Event Title

From principles to practice: Restoring dry, frequent-fire forests in the face of global change along Colorado's Front Range

Presenter Information

Rob Addington

Location

USU Eccles Conference Center

Event Website

www.restoringthewest.org

Streaming Media

Abstract

In the last decade, much emphasis has been placed on restoration of dry coniferous forests of the western U.S. out of concern that these forest types are increasingly vulnerable at large scales to severe disturbance and impacts related to global change. Along Colorado’s Front Range, some 1.5 million acres of ponderosa pine and dry mixed-conifer forests have been identified as in need of treatment to improve forest health and to protect communities. While consensus has been reached regarding general restoration goals, the process and path forward for achieving desired outcomes has not been clearly articulated. I will describe a science-based restoration framework being developed for Front Range forests that emulates natural disturbance patterns, forest developmental processes, and variation across environmental gradients in order to enhance forest complexity and heterogeneity at multiple scales. Key components of the approach include multi-scaled planning to identify priority areas for treatment, and treatment designs that reduce densities, enhance spatial heterogeneity, retain drought-and fire-tolerant species, and retain old trees. Implementation of the framework is expected to enhance forest resilience and help reestablish a low to mixed-severity fire regime through either prescribed fire or management of wildland fire. Additionally, the framework emphasizes the importance of adaptive management and opportunity for learning through monitoring and experimentation in order to address uncertainty that accompanies the restoration process.

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Oct 17th, 9:20 AM Oct 17th, 9:50 AM

From principles to practice: Restoring dry, frequent-fire forests in the face of global change along Colorado's Front Range

USU Eccles Conference Center

In the last decade, much emphasis has been placed on restoration of dry coniferous forests of the western U.S. out of concern that these forest types are increasingly vulnerable at large scales to severe disturbance and impacts related to global change. Along Colorado’s Front Range, some 1.5 million acres of ponderosa pine and dry mixed-conifer forests have been identified as in need of treatment to improve forest health and to protect communities. While consensus has been reached regarding general restoration goals, the process and path forward for achieving desired outcomes has not been clearly articulated. I will describe a science-based restoration framework being developed for Front Range forests that emulates natural disturbance patterns, forest developmental processes, and variation across environmental gradients in order to enhance forest complexity and heterogeneity at multiple scales. Key components of the approach include multi-scaled planning to identify priority areas for treatment, and treatment designs that reduce densities, enhance spatial heterogeneity, retain drought-and fire-tolerant species, and retain old trees. Implementation of the framework is expected to enhance forest resilience and help reestablish a low to mixed-severity fire regime through either prescribed fire or management of wildland fire. Additionally, the framework emphasizes the importance of adaptive management and opportunity for learning through monitoring and experimentation in order to address uncertainty that accompanies the restoration process.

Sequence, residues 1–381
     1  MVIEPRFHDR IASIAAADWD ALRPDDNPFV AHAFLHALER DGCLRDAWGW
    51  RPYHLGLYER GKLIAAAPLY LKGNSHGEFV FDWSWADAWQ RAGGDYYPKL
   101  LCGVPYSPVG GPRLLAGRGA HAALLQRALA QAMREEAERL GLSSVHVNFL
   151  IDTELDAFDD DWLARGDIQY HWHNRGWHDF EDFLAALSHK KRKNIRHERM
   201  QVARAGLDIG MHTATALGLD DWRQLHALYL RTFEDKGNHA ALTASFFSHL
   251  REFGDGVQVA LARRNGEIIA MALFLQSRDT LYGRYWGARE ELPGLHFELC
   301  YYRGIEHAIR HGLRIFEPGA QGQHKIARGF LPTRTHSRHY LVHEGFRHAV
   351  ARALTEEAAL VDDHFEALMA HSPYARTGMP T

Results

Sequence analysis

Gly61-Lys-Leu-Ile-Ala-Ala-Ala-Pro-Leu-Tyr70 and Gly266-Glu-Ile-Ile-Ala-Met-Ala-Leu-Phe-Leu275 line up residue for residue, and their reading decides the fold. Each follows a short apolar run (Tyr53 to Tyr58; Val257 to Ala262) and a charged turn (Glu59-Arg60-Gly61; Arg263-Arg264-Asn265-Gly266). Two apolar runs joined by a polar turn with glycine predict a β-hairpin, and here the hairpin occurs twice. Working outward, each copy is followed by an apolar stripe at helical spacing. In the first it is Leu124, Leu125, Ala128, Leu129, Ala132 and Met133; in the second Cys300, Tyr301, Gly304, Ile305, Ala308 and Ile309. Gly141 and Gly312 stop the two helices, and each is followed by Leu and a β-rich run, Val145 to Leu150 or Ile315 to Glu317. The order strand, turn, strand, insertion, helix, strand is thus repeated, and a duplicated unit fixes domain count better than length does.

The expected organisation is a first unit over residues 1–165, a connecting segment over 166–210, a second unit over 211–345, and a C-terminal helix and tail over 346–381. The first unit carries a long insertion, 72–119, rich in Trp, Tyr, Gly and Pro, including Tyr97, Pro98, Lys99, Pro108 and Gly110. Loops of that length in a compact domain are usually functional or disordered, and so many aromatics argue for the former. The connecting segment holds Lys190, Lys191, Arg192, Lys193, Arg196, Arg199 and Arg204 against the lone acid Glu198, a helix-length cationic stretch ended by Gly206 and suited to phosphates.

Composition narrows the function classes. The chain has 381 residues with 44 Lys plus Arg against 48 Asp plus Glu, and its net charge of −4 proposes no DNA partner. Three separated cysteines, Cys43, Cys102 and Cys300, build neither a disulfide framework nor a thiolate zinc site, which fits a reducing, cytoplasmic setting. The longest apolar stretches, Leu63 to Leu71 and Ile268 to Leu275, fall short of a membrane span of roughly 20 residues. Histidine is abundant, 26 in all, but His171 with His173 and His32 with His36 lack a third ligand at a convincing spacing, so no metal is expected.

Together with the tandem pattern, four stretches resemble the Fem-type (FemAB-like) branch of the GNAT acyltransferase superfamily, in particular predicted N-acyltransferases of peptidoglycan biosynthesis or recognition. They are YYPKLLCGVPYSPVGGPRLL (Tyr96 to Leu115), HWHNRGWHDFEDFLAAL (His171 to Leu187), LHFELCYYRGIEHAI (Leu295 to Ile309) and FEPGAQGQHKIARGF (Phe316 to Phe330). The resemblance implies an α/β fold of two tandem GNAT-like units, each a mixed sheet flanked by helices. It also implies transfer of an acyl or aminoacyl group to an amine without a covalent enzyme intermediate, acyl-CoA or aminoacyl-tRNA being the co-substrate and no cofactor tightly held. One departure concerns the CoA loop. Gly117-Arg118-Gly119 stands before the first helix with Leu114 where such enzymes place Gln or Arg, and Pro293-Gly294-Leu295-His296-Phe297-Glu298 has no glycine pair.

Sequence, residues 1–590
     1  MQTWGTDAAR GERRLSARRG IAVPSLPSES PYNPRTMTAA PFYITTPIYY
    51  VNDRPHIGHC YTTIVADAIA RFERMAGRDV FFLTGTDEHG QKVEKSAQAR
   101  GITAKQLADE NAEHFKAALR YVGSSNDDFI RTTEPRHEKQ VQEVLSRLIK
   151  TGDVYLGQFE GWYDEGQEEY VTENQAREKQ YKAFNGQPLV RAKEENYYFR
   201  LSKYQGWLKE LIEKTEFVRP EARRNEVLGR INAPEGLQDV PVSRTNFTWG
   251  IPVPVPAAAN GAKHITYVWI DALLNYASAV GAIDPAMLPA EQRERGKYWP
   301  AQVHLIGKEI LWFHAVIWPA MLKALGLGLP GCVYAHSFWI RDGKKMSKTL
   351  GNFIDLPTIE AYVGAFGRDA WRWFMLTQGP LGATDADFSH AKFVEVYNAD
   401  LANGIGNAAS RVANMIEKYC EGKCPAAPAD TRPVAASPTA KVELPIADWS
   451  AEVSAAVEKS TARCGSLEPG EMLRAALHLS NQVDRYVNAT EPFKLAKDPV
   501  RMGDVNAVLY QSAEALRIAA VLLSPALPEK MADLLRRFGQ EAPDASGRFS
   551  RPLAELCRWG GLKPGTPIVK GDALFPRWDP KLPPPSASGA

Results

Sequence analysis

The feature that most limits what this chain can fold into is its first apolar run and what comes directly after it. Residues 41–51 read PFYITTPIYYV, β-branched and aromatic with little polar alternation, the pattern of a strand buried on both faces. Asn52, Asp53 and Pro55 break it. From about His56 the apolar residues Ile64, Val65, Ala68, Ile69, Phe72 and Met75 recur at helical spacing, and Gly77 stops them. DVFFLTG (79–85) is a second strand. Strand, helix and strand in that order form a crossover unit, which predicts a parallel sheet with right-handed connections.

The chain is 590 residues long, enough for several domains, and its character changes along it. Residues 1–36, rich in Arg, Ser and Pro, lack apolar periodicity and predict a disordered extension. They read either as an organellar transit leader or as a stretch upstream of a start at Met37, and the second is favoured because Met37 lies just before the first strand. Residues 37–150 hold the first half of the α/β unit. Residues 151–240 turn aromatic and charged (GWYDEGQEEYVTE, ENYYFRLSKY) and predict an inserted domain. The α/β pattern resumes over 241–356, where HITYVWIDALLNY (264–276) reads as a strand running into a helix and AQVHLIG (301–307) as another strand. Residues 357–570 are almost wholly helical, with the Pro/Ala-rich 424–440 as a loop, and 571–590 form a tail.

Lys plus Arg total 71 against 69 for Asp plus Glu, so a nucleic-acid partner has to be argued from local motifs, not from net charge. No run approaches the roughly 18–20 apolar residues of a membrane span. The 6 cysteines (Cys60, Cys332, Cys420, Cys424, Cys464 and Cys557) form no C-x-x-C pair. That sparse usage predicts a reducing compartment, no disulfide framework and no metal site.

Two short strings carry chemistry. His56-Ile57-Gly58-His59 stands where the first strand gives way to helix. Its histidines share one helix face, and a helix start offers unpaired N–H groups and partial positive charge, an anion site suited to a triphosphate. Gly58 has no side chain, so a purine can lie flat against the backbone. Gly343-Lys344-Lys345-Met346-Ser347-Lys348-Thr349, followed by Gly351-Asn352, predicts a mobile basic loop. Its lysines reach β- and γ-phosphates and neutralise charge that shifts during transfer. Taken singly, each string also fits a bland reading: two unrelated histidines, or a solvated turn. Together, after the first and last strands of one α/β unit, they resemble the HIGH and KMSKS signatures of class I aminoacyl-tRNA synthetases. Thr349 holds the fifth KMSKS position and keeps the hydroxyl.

http://digitalcommons.usu.edu/rtw/2013/October17/12